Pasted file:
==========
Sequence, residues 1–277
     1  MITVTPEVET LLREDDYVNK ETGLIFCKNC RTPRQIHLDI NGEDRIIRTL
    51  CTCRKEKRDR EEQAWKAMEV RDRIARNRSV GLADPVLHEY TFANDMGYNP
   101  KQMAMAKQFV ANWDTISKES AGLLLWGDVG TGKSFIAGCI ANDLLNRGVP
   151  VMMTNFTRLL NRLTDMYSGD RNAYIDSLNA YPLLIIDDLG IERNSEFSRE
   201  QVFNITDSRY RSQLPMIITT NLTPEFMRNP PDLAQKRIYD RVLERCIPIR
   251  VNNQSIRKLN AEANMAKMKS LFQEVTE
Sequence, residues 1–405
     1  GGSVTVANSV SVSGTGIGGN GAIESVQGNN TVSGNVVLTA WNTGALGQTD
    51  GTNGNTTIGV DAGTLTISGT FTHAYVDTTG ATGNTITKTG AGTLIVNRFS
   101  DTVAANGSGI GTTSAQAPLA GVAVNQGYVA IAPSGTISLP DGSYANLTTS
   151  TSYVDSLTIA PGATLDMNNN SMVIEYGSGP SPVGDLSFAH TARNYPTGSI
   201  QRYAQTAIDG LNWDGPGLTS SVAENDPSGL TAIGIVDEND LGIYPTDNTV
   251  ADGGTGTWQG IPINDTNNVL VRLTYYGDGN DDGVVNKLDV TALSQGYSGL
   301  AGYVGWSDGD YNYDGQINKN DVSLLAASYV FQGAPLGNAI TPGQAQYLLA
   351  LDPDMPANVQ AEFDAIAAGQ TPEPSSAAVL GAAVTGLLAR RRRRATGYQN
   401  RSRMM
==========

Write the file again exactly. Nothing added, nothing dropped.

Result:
Sequence, residues 1–277
     1  MITVTPEVET LLREDDYVNK ETGLIFCKNC RTPRQIHLDI NGEDRIIRTL
    51  CTCRKEKRDR EEQAWKAMEV RDRIARNRSV GLADPVLHEY TFANDMGYNP
   101  KQMAMAKQFV ANWDTISKES AGLLLWGDVG TGKSFIAGCI ANDLLNRGVP
   151  VMMTNFTRLL NRLTDMYSGD RNAYIDSLNA YPLLIIDDLG IERNSEFSRE
   201  QVFNITDSRY RSQLPMIITT NLTPEFMRNP PDLAQKRIYD RVLERCIPIR
   251  VNNQSIRKLN AEANMAKMKS LFQEVTE
Sequence, residues 1–405
     1  GGSVTVANSV SVSGTGIGGN GAIESVQGNN TVSGNVVLTA WNTGALGQTD
    51  GTNGNTTIGV DAGTLTISGT FTHAYVDTTG ATGNTITKTG AGTLIVNRFS
   101  DTVAANGSGI GTTSAQAPLA GVAVNQGYVA IAPSGTISLP DGSYANLTTS
   151  TSYVDSLTIA PGATLDMNNN SMVIEYGSGP SPVGDLSFAH TARNYPTGSI
   201  QRYAQTAIDG LNWDGPGLTS SVAENDPSGL TAIGIVDEND LGIYPTDNTV
   251  ADGGTGTWQG IPINDTNNVL VRLTYYGDGN DDGVVNKLDV TALSQGYSGL
   301  AGYVGWSDGD YNYDGQINKN DVSLLAASYV FQGAPLGNAI TPGQAQYLLA
   351  LDPDMPANVQ AEFDAIAAGQ TPEPSSAAVL GAAVTGLLAR RRRRATGYQN
   401  RSRMM